The Feasibility and Acceptability of Google Glass for Teletoxicology Consults


Teletoxicology offers the potential for toxicologists to assist in providing medical care at remote locations, via remote, interactive augmented audiovisual technology. This study examined the feasibility of using Google Glass, a head-mounted device that incorporates a webcam, viewing prism, and wireless connectivity, to assess the poisoned patient by a medical toxicology consult staff. Emergency medicine residents (resident toxicology consultants) rotating on the toxicology service wore Glass during bedside evaluation of poisoned patients; Glass transmitted real-time video of patients’ physical examination findings to toxicology fellows and attendings (supervisory consultants), who reviewed these findings. We evaluated the usability (e.g., quality of connectivity and video feeds) of Glass by supervisory consultants, as well as attitudes towards use of Glass. Resident toxicology consultants and supervisory consultants completed 18 consults through Glass. Toxicologists viewing the video stream found the quality of audio and visual transmission usable in 89 % of cases. Toxicologists reported their management of the patient changed after viewing the patient through Glass in 56 % of cases. Based on findings obtained through Glass, toxicologists recommended specific antidotes in six cases. Head-mounted devices like Google Glass may be effective tools for real-time teletoxicology consultation.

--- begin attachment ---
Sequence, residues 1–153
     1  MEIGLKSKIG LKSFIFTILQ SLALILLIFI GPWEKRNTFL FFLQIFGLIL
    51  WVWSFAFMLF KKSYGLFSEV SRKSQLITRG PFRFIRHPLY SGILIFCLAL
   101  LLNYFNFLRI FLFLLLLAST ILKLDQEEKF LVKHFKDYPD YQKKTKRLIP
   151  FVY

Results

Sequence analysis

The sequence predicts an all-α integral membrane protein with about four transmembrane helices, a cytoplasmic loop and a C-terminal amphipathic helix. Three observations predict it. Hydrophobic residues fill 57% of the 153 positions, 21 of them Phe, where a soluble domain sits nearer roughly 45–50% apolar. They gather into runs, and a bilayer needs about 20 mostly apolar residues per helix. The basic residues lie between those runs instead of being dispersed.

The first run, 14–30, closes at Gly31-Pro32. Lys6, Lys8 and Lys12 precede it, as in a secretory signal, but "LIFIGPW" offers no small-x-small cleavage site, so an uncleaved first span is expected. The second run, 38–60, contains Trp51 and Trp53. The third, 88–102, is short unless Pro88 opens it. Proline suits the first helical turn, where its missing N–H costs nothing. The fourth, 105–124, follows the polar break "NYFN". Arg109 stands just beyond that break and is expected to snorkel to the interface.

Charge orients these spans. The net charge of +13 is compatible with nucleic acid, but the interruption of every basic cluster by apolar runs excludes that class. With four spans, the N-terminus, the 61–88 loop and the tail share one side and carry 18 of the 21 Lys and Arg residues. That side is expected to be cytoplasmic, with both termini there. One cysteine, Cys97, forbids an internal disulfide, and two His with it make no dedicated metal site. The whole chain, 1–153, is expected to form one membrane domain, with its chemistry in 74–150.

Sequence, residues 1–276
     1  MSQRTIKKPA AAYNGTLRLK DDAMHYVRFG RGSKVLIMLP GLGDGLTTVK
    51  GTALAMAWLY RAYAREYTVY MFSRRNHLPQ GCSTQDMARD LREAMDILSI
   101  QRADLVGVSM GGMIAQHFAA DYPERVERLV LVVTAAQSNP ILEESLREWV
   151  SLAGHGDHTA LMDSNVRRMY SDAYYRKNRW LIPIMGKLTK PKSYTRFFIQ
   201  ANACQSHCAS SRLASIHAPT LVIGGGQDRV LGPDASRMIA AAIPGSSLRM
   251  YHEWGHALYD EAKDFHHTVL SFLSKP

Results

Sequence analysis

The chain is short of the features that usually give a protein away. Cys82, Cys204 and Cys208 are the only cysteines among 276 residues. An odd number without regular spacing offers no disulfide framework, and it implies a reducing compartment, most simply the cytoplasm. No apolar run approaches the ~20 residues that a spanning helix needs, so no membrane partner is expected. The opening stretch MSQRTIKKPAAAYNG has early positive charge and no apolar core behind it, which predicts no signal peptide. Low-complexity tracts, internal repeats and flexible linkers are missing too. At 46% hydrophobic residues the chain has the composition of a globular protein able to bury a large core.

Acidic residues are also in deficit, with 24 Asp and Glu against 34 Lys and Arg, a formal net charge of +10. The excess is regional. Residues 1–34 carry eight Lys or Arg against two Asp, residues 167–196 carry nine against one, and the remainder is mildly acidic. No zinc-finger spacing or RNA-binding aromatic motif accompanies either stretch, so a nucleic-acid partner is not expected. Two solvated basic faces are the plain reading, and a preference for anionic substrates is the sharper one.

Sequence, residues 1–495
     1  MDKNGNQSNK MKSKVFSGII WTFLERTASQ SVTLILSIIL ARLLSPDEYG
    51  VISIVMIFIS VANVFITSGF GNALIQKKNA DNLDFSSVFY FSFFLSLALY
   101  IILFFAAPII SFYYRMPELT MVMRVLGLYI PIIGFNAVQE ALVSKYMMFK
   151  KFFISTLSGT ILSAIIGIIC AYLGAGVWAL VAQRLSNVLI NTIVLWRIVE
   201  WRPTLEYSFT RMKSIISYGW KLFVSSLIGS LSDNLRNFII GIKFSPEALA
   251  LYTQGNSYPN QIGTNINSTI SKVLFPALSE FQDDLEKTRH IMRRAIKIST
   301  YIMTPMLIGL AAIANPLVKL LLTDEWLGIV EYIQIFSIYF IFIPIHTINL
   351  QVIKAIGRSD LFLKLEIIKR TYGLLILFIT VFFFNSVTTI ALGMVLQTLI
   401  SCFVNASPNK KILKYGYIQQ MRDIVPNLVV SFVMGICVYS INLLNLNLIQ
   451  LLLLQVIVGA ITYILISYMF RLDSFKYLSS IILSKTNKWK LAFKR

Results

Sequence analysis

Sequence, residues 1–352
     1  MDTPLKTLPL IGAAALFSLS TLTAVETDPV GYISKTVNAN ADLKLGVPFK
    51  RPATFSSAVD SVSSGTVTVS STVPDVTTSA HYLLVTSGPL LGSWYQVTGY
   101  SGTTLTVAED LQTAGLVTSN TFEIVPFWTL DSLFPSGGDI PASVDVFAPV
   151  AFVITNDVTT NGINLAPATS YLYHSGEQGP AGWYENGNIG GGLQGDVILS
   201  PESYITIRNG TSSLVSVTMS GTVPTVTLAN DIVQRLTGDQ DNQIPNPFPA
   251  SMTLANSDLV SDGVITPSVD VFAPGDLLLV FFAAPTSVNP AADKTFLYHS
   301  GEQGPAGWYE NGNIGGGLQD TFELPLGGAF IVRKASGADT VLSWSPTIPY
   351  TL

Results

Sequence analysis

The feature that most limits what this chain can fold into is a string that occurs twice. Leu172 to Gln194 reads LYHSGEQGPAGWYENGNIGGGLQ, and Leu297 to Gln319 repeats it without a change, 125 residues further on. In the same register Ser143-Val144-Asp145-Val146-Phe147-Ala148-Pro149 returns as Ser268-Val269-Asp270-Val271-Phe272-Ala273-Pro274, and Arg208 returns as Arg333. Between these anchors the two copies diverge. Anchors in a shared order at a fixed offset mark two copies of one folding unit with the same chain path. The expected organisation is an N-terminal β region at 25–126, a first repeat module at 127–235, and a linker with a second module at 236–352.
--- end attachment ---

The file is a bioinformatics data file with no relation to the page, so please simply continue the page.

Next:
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Funding Sources

This research was supported in part by National Institutes of Health grant 1K24DA037109 Title: Mentoring in advanced mHealth interventions for drug abuse and HAART adherence (PI: Boyer).

Conflict of Interest

This paper is not currently under consideration for publication in other journals. The authors declare that they have no competing interest.

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Correspondence to Peter R. Chai.

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Chai, P.R., Babu, K.M. & Boyer, E.W. The Feasibility and Acceptability of Google Glass for Teletoxicology Consults. J. Med. Toxicol. 11, 283–287 (2015).

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  • Mobile health
  • Telemedicine
  • Wearable devices
  • Google Glass
  • Toxicology